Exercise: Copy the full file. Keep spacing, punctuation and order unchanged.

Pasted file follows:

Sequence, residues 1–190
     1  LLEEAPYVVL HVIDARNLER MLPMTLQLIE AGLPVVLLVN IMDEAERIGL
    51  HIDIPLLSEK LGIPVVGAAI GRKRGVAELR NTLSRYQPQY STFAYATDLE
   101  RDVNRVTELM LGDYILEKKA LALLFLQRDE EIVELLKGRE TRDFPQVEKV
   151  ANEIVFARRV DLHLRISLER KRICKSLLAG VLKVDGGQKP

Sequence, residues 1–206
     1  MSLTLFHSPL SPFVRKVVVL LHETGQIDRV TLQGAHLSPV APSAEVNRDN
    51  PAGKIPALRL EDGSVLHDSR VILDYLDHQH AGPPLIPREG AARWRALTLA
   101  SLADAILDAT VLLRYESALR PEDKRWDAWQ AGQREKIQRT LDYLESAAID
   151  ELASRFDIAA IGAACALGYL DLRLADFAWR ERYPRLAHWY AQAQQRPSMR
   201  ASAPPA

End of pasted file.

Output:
Sequence, residues 1–190
     1  LLEEAPYVVL HVIDARNLER MLPMTLQLIE AGLPVVLLVN IMDEAERIGL
    51  HIDIPLLSEK LGIPVVGAAI GRKRGVAELR NTLSRYQPQY STFAYATDLE
   101  RDVNRVTELM LGDYILEKKA LALLFLQRDE EIVELLKGRE TRDFPQVEKV
   151  ANEIVFARRV DLHLRISLER KRICKSLLAG VLKVDGGQKP

Sequence, residues 1–206
     1  MSLTLFHSPL SPFVRKVVVL LHETGQIDRV TLQGAHLSPV APSAEVNRDN
    51  PAGKIPALRL EDGSVLHDSR VILDYLDHQH AGPPLIPREG AARWRALTLA
   101  SLADAILDAT VLLRYESALR PEDKRWDAWQ AGQREKIQRT LDYLESAAID
   151  ELASRFDIAA IGAACALGYL DLRLADFAWR ERYPRLAHWY AQAQQRPSMR
   201  ASAPPA